While that seems like an extraordinary amount, especially for a small liberal arts college, the income from that endowment has to cover a wide range of expenses, from professors’ salaries to the utility bill. Roughly 80 to 85 percent of our annual income at Berea comes from the spendable income generated by our endowment. The rest is acquired through a combination of federal grants and annual fundraising.
Give & Take: What percentage of your yearly fundraising total comes in the form of bequests?
Shehee: Until recently, bequests were responsible for 40 to 60 percent of our annual contributions. That number is far above the 10 to 15 percent average seen at many nonprofits. In the last few years, however, we started experiencing a sharp and unexpected decline in our bequest income. Because bequests feed into our endowment, which in turn provides the funds for our tuition replacement program, the decline was of great concern to all of us on campus. We asked Robert Sharpe and Sharpe Group to help us find out what was going wrong.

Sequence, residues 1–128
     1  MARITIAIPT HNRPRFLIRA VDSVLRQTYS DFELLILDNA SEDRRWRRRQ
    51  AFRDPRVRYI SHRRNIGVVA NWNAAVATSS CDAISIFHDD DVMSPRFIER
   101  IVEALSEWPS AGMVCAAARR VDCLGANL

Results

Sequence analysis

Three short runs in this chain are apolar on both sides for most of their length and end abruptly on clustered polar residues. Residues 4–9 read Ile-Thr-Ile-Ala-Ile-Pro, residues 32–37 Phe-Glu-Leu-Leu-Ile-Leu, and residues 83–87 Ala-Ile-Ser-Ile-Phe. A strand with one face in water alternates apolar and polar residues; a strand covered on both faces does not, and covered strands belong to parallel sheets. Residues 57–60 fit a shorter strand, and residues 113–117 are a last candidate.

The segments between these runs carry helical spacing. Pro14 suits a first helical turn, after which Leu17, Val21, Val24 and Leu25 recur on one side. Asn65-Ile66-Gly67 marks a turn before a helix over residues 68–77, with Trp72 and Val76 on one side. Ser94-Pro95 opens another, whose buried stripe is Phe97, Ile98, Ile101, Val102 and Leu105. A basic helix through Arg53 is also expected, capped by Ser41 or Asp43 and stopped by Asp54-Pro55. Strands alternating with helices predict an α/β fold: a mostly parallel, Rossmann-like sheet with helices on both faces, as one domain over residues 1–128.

Robert and others on the Sharpe team utilized several of their program assessment tools in their analysis of our fundraising program, both past and present, and discovered the source of the problem. We started our donor acquisition program 40 years ago, in 1974, and for many years made it a priority in our fundraising efforts. Unfortunately, in recent years we either cut or failed to increase funding for these efforts. As a consequence, we started acquiring fewer donors, which in turn affected the number of bequests we received each year. Robert was able to explain the problem and outline a clear solution.
Give & Take: How would you characterize Berea’s donors?
Shehee: The majority of donors to most colleges are alumni or parents of current or former students. Berea’s donor base more closely resembles that of a national charity. Only about 20 percent of our donors are alumni. The other 80 percent heard about Berea’s mission in other ways: from living in the region, from hearing stories about Berea in the media or by knowing someone whose life was changed for the better by attending Berea. Our donors support Berea not necessarily because of their experiences at the college but because they see it as a model for an alternative type of higher education.